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Wednesday 29 November 2023 Dublin: 2°C
disclosures tribunal

Gardaí alleged Maurice McCabe said he would 'bring this job to its knees'

The Tribunal heard from the gardaí’s head of legal affairs today.

File Photo Taoiseach Leo Varadkar praises Garda Maurice McCabe on the Marian Finucane on her radio show today. ENDS. Laura Hutton / Maurice McCabe Laura Hutton / /

Updated 6.05pm

THE DISCLOSURES TRIBUNAL has heard that, during a meeting involving senior gardaí and counsel for Nóirín O’Sullivan, it was alleged that Maurice McCabe had told another senior member of the force “I will bring this job to its knees”.

The Tribunal is currently hearing witnesses give evidence about the legal strategy used by then-Garda Commissioner Nóirín O’Sullivan at the O’Higgins Commission, an inquiry which looked at allegations of malpractice and corruption made by McCabe in the Cavan-Monaghan division.

It has already heard that the instructions given to O’Sullivan’s legal team was to impugn the motivation and credibility of McCabe at this commission.

Today, the Tribunal heard further evidence from Kenneth Ruane, the head of legal affairs at An Garda Síochana.

He outlined how, prior to 11 May 2015, challenging McCabe in this manner was not the legal strategy being adopted.

Prior to that, O’Sullivan herself attended meetings with McCabe and an independent external expert had been appointed to investigate claims made by McCabe of bullying and harassment in the force.

This showed how seriously and sensitively the force would deal with issues such as those McCabe was highlighting, the Tribunal heard.

The last meeting Ruane attended regarding the upcoming O’Higgins Commission was on 11 May but, between that date and 15 May, that position had completely changed.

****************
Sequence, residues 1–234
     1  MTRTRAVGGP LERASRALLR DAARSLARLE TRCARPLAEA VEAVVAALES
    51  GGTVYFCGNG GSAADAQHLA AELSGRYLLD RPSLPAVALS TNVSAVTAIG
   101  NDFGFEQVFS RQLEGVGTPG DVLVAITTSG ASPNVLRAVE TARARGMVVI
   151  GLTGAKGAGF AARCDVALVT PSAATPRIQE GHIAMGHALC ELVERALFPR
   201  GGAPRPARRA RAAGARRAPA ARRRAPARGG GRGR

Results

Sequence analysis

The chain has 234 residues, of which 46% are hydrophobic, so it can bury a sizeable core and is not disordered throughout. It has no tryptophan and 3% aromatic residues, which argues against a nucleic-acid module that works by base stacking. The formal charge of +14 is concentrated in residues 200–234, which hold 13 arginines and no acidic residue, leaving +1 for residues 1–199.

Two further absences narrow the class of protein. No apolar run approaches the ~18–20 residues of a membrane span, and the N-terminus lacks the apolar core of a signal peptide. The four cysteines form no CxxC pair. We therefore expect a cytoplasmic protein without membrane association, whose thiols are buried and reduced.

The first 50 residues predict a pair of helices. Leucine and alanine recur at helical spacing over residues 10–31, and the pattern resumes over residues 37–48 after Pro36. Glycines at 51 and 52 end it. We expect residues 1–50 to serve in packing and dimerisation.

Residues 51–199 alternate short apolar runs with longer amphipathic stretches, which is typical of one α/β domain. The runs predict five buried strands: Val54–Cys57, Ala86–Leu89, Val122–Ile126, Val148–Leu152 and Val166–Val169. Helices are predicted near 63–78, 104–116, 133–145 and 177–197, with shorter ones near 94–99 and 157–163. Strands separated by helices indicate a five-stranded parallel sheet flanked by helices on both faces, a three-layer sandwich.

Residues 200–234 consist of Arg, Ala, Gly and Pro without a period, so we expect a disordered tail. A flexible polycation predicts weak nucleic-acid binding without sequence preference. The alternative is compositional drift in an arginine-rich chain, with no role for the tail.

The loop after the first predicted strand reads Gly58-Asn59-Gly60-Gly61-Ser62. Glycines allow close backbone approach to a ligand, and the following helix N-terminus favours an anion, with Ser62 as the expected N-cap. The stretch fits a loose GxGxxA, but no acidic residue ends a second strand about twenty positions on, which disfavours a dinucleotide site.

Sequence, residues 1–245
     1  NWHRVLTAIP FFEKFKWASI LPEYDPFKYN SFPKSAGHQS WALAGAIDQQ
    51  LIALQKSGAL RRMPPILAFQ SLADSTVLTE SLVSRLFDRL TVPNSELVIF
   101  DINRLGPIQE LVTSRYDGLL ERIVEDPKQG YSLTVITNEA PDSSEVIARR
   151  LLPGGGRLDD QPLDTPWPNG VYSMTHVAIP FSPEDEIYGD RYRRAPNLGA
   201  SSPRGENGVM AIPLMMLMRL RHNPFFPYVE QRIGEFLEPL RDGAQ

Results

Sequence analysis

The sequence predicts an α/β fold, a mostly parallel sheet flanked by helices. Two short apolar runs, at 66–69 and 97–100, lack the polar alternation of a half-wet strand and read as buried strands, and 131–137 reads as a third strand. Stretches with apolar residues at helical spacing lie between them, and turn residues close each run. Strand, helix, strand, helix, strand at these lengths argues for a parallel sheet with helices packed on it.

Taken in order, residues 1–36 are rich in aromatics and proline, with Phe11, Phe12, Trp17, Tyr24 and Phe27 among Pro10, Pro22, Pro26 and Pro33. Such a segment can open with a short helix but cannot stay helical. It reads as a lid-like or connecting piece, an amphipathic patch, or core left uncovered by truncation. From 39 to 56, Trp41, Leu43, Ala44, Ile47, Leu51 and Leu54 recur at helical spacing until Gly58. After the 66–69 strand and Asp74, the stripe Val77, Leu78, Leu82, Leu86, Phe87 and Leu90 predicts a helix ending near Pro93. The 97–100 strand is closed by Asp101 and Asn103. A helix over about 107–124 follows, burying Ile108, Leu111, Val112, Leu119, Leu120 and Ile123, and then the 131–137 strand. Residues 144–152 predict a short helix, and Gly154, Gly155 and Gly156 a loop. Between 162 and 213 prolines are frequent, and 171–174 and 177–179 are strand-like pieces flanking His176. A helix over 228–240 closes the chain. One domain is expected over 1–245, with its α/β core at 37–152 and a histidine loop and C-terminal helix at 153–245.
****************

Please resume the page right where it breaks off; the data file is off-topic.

Ruane provided notes of that 11 May meeting, with attendees including Chief Superintendent Fergus Healy, who was acting as the garda liaison to the commission, Colm Smyth, who was senior counsel for Nóirín O’Sullivan, and Annmarie Ryan, from the Chief State Solicitor’s Office.


The whole case of the sexual assault allegation made against McCabe was brought up at this meeting, according to notes provided by both Ruane and Ryan.

Ruane maintained, however, that this information was conveyed by Superintendent Healy to Smyth and his colleagues for “background information” only.

It was put to Ruane that this information was irrelevant to what the O’Higgins Commission was looking at, namely factual accounts of cases in Cavan-Monaghan but he maintained that there were valid reasons for making counsel aware of this “background” information about McCabe.

“I can see why Chief Superintendent Healy would inform counsel about this,” he said. “If other witnesses make reference to it… If it came up and counsel didn’t know about it, they could probably criticise the liaison officer at that point.”

15/9/2014. New Garda Members Former Garda Commissioner Nóirín O'Sullivan

According to detailed notes provided by Annmarie Ryan of this meeting, reference was made to McCabe allegedly telling assistant commissioner Derek Byrne: “I will bring this job to its knees.”

It also references another garda whistleblower, John Wilson.  Notes say that Wilson was described at this meeting as a “union man” and that he and McCabe were “working together”.


However, Ruane maintained that at no point during this 11 May meeting was it indicated that instructions would be to challenge McCabe’s motivation based on this background information.